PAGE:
Coronavirus: Portsmouth psychologist shares tips for coping with money worries in the Covid-19 pandemic

A PSYCHOLOGIST has shared his top tips for those struggling with finance worries during the Covid-19 pandemic.

By Millie Salkeld
Thursday, 28th January 2021, 7:00 am
Updated Friday, 29th January 2021, 12:48 pm
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With nearly 10 million people put on furlough since the start of the scheme last year and more than 395,000 redundancies between September and November, many are feeling the financial strain of coronavirus.

Dr. Thomas Richardson, who is a clinical psychologist in the Mental Health Recovery Teams at St. Mary’s Hospital in Milton for Solent NHS, told The News that it is important to try reduce the impact of money problems on mental health as it can turn into a ‘vicious cycle’.

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Dr. Thomas Richardson, a clinical psychologist in the Mental Health Recovery Teams at St. Mary’s Hospital in Milton

He said: ‘The last year has been hard for many, and one reason it has been so difficult is the financial impact of the Covid-19 pandemic. Whether being made redundant, furloughed, or being self-employed or owning a business, the recession from the lockdown has made money problems sadly even more common.

If you are worrying about money know that you are not alone as the average adult in the UK no owes nearly £4,000 in unsecured debt.

‘Unfortunately for many it can become a vicious cycle. Those worries about money impact mental health, this then makes it harder to keep on top of your finances, so the debt builds up.

‘There are many factors that link money problems with poor mental health. How much you worry and stress about debt is important. How hopeful you feel about your finances improving and how ashamed you feel about struggling to make ends meet also matter.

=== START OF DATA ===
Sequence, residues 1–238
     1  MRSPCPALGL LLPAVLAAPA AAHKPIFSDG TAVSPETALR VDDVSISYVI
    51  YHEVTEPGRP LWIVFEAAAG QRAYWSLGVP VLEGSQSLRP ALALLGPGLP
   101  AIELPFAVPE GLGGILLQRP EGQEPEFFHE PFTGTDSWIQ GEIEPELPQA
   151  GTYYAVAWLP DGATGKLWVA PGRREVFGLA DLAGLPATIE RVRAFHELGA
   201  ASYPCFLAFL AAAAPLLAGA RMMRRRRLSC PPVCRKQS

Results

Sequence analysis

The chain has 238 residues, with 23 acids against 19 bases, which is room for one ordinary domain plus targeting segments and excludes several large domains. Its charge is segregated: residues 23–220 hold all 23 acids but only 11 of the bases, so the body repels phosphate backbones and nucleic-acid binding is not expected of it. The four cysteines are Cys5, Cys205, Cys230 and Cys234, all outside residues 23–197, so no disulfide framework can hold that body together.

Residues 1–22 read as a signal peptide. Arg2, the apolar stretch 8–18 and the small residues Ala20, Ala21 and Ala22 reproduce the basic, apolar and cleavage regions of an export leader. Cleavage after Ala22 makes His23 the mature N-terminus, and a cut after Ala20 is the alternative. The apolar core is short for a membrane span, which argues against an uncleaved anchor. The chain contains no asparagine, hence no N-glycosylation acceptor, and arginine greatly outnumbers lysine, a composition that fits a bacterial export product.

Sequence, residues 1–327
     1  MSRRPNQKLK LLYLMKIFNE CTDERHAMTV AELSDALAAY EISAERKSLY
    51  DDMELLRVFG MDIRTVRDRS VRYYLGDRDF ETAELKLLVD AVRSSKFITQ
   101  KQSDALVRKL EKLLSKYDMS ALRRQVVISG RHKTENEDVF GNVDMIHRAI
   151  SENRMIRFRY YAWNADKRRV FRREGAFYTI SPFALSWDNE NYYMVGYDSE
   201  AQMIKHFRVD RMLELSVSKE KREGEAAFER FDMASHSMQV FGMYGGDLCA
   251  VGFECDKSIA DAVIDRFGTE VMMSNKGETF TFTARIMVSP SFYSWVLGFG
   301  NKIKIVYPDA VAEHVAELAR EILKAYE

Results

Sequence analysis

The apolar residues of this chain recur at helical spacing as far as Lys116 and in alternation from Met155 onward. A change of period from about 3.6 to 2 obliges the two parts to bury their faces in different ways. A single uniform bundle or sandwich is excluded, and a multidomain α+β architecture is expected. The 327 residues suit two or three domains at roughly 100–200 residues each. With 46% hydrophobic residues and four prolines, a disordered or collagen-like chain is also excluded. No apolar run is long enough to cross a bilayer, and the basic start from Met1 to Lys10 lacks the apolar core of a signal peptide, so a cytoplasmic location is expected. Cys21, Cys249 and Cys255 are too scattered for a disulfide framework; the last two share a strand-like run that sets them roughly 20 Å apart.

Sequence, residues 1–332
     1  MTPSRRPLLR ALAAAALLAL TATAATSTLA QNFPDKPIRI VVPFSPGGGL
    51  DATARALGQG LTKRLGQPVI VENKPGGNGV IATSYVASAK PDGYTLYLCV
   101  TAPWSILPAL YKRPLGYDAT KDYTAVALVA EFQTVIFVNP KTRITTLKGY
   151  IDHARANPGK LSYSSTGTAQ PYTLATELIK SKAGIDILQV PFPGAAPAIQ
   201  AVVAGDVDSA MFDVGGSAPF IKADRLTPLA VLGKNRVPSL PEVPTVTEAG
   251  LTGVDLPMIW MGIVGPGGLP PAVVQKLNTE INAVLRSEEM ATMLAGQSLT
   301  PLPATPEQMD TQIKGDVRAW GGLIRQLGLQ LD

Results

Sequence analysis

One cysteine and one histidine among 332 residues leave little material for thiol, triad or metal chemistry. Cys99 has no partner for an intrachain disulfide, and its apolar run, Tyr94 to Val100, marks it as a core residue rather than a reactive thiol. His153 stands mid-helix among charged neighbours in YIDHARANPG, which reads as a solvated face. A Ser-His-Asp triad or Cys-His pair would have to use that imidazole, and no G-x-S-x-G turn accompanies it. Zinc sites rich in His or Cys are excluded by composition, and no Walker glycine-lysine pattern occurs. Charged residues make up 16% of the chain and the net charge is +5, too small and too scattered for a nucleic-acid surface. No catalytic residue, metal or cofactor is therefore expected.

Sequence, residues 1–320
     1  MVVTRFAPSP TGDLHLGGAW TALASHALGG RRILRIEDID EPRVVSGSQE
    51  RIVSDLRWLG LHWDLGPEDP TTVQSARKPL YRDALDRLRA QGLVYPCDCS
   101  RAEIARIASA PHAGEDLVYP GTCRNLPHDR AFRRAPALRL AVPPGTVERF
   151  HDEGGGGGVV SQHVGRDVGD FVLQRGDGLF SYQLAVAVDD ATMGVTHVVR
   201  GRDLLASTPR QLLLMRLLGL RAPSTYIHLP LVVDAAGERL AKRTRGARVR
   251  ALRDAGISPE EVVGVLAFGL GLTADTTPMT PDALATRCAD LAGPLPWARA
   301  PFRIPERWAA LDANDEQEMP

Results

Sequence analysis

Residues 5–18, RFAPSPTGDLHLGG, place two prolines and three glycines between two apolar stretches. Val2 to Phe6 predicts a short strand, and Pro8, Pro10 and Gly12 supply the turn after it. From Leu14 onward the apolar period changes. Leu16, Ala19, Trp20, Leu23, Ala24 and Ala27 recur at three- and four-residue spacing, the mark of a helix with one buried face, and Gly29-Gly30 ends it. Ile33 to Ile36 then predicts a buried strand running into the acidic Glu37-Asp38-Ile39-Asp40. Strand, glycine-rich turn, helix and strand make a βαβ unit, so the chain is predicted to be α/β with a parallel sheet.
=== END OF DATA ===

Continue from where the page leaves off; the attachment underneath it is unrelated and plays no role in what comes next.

‘How much you feel you can change your financial situation and trying to be active in making these changes can also make a difference.’

Dr Richardson’s top tips for dealing with money worries:

- Talk to someone. Friends, family, colleagues, a professional. Knowing you are not alone and getting it off your chest will help.

- Try to take some small steps to get on top of your finances, such as opening a bill you have been avoiding, ringing your bank or making a budget.

- Try to take things one day at a time and be more present. Here are some mindful exercises which might help reduce your money worries

- If you are worried about your mental health, talk to your GP, or you can self- refer to Talking Change (, 0300 123 3934, [email protected]).

- Talk to a professional for debt advice. Visit for a list of sources that can help.

The News and JPI Media has launched a mental health campaign, There For Each Other.

Over the next few weeks you will hear from a range of people about their mental health journeys, relating to a number of topics including Covid-19, veterans, suicide, financial stress, grief, domestic abuse and the impact of social media.

Health professionals, organisations and charities will be sharing the range of support that is available and how it can be accessed.

A message from the Editor, Mark Waldron

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